We also had to act on our feet when we noticed the board self-dealing. The board had to be reminded of the change in its fiduciary responsibility once the company had become insolvent. Their interests were legally required to change from themselves to their creditors. We had to protect the board members legally by making sure they kept their fiduciary responsibility in mind and quickly curbing actions that went against this premise.

Taking Smart Risks

At GGG we always think long-term. We don’t want our clients just to survive; we strive to implement strategies that will make them successful in the long-run. And we don’t make compromises on this point.

Part of long-term success involves risk taking. But never bet the ranch – take smart risks. On this project, we were challenged by the disparate goals of the Board of Directors, yet we consistently managed to get their approval in order to take smart risks and solve major problems.

Our risk was evaluating and cutting unprofitable locations fast enough to allow the rest of the company to survive with a core group of profitable bars. The subsequent auction of the company resulted in several competing bids and the completion of the ‘363’ auction sale. Today, a few years after the bankruptcy and in a much tougher economic climate, the client continues to operate several locations profitably.

Join me next time for Part 3 to discuss why it’s important not to make rash decisions about the fate of your company and the tools you can use to make better decisions.

If You Want Glory, Join the Marines – Turnaround is Not About the Accolades

The greater the obstacle, the more glory in overcoming it.

  • Moliere

If overcoming obstacles of enormous size yielded glory in such volume, there would be more awards in the turnaround business.

I appreciate the sentiment, Moliere, I really do, but I have to say that I’m not with you 100%.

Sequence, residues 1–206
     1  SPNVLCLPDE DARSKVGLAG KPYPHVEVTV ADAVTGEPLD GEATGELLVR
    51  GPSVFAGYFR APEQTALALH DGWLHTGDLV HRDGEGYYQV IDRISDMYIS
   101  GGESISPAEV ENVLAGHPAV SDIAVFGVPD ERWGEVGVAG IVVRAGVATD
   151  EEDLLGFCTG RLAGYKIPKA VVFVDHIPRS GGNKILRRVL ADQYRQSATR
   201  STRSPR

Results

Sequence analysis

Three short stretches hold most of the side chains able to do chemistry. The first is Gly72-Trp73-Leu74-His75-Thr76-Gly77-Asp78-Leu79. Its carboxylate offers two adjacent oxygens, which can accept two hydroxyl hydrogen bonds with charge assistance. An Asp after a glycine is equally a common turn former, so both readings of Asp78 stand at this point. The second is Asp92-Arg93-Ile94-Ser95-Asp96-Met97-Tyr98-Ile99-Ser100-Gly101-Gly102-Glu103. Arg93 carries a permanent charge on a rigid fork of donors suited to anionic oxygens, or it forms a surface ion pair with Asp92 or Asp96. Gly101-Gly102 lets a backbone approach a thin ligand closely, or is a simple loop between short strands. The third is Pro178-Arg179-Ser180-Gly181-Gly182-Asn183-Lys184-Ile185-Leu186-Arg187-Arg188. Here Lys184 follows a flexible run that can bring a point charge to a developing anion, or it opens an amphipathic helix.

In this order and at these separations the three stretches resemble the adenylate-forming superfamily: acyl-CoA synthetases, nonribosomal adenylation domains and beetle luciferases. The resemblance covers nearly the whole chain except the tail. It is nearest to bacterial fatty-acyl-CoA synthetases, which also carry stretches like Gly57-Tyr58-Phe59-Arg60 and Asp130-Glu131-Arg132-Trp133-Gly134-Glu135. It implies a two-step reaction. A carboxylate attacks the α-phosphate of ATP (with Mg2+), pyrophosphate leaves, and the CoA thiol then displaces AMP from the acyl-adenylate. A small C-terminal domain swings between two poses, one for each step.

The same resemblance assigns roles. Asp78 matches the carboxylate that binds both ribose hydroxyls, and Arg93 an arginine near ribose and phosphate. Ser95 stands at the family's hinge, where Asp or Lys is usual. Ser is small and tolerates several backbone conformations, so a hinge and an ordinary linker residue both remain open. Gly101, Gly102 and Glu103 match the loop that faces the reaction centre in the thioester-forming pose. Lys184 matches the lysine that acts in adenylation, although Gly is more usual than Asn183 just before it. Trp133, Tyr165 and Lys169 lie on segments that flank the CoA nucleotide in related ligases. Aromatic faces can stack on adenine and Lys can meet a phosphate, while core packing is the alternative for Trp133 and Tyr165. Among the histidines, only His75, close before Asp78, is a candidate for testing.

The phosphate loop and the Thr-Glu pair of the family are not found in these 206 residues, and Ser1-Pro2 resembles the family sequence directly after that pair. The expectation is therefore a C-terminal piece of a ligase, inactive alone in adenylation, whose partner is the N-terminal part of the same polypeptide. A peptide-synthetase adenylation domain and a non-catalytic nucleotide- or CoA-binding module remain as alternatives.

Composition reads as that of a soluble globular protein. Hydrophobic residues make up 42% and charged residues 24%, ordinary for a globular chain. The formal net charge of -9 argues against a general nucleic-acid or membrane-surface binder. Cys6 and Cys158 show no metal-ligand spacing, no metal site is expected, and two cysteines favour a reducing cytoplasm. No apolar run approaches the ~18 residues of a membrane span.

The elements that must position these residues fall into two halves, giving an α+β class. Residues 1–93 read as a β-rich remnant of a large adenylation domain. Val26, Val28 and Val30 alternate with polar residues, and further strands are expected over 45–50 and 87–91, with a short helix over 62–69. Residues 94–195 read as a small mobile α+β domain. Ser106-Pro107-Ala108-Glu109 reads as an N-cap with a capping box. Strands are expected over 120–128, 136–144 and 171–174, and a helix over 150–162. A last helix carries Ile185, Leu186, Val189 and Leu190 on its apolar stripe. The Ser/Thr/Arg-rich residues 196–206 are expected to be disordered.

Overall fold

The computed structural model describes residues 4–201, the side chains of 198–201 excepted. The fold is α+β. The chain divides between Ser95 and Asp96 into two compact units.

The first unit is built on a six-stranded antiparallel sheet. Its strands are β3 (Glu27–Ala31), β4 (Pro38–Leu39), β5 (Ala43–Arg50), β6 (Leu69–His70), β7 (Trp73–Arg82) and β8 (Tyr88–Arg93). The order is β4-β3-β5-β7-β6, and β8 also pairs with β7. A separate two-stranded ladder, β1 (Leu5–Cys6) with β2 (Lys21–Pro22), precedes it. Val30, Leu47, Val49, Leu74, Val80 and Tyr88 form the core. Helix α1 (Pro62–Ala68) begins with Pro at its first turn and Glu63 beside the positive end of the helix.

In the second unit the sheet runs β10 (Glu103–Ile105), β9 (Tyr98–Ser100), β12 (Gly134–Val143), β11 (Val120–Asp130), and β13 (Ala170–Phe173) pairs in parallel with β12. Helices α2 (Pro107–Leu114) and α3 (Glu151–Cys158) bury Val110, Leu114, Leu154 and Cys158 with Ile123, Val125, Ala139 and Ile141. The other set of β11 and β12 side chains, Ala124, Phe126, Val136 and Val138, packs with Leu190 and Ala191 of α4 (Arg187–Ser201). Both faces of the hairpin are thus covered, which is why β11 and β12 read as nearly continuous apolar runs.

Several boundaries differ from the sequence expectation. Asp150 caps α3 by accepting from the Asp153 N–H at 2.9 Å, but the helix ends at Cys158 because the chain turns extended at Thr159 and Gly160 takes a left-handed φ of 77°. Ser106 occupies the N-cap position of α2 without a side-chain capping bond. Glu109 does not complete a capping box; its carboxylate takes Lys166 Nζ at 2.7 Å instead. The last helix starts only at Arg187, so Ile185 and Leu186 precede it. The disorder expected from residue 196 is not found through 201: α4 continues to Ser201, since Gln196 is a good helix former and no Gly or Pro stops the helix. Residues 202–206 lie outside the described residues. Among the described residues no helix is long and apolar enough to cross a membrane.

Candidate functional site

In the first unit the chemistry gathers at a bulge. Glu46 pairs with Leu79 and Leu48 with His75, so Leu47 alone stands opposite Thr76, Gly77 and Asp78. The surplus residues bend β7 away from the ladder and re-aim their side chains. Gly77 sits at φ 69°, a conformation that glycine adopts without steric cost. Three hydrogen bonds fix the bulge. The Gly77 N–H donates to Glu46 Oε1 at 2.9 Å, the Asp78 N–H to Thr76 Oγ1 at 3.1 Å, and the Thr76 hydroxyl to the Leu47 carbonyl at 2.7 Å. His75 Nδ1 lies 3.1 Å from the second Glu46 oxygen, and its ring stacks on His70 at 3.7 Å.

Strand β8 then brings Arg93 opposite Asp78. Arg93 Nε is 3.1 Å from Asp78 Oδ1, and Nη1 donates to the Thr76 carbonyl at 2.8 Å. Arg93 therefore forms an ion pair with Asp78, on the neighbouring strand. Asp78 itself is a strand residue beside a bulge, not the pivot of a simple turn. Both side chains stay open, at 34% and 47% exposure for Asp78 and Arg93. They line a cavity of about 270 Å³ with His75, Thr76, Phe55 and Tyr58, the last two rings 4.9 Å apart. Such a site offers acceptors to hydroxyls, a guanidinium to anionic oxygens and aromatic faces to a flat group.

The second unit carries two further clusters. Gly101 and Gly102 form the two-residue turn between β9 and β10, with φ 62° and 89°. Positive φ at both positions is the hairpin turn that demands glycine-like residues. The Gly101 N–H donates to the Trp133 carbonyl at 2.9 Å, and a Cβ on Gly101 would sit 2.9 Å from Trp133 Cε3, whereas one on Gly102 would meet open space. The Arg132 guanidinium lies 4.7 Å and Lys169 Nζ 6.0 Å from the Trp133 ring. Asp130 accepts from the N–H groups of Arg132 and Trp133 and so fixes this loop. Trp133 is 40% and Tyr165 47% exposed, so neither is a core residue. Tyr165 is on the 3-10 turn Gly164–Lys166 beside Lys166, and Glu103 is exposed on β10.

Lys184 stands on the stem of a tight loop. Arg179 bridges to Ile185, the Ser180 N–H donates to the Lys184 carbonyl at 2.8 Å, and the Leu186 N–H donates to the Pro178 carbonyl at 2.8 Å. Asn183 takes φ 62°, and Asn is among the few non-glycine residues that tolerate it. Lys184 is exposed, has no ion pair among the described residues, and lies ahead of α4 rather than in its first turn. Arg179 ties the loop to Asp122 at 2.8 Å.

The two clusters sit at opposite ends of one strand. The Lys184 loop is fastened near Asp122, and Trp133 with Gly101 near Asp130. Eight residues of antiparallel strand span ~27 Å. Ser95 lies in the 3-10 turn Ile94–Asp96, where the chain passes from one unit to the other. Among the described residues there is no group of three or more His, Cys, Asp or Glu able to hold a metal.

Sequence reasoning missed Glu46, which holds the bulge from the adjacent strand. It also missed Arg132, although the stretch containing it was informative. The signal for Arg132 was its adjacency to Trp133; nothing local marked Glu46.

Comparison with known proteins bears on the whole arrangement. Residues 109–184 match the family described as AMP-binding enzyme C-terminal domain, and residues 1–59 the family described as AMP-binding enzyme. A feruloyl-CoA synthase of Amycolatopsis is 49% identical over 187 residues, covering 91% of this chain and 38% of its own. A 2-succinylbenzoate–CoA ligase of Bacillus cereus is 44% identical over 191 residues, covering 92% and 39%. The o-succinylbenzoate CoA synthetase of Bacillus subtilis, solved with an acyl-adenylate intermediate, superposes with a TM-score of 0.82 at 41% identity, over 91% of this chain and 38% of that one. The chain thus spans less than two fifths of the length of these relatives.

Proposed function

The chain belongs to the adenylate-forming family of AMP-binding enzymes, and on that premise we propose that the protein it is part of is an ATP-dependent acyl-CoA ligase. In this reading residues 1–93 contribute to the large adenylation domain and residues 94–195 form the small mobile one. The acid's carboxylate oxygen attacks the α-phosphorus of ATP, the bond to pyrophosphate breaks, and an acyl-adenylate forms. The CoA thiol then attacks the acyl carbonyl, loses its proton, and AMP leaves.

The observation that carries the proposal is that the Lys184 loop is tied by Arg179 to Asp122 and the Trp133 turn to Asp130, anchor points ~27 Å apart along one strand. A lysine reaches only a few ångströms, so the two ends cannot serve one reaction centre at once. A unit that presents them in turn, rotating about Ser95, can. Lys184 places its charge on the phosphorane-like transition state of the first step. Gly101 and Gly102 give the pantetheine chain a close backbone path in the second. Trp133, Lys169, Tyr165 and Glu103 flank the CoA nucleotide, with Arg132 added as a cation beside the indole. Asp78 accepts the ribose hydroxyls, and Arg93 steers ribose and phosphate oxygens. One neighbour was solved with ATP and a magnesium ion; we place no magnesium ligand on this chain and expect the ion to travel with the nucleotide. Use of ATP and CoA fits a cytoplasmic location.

Turnaround Accolades

General MacArthur was certainly acknowledged  for his work in the Pacific Front during World War II, speaking of enormous obstacles and the glory that goes with them, but for us turnaround professionals, the glory is less, shall we say, pronounced.

Is that maybe because the obstacles aren’t so great?

Far be it for me to crack up the complexity of the problems that face turnaround professionals, but I think most of us can agree that restructuring billions of dollars in debt, successfully renegotiating terms with dozens of creditors, saving tens of thousands of jobs, and preventing hits to the US economy – and sometimes in the business blink of an eye – is no cake walk. And even though much of the work is on a smaller scale, jobs are still saved, money is still recovered and businesses keep going. And all of that is good for the economy.

My reflections on Moliere’s remarks have brought me to the conclusion that the turnaround profession is incredibly satisfying in its own right for the very reasons listed above – accolades be forgotten.

Be Your Own Turnaround Manager

When done right, turnaround work is not the kind of consulting that borrows your watch to tell you what time it is. Turnaround management is about rolling up your sleeves, getting into the trenches and getting your hands dirty. It’s about apologizing for mistakes you probably didn’t make and accepting burdens that weren’t otherwise yours to bear.

This isn’t meant to elevate turnaround management to unwarranted heights or make myself feel better about my work.

I want you to derive a lesson from this when it comes to your business, whether or not you’re the leader of that business.

Why wait to hire a turnaround professional? Sure, experience breeds insight and knowledge into many potential solutions, but if you could take on a lot of what I’ve already said, then you’re halfway to resolving your problems:

– Take responsibility for what’s gone wrong

– Accept the burdens for resolution on your shoulders

– Get dirty by rolling up your sleeves and getting down in the trenches; don’t just sit behind your desk and hide – get out there and make tough decisions

No, these things alone do not turn around companies, but when those around you perceive that you’ve taken responsibility, accepted the burden of making things right, and gotten your hands dirty, they will pull behind you and get on your team. They will listen when you ask them to act; they will share with you and be honest about their ideas and yours.

Conclusion

This is what much of turnaround management is about. As I said, the experience and insight allow us to have a better idea of what will work and what won’t – and how best to do it – but for successful turnarounds, all of this ground work has to get laid down first.

You won’t wind up with a ton of glory when it’s all said and done, but I assure you that it’s rewarding in and of itself. When done right, your job will still be there when you’re done, as will those of your colleagues.

Glory be what it will – I’ll take turnaround any day.

Have you ever accepted responsibility for something that you didn’t have to? What was the outcome?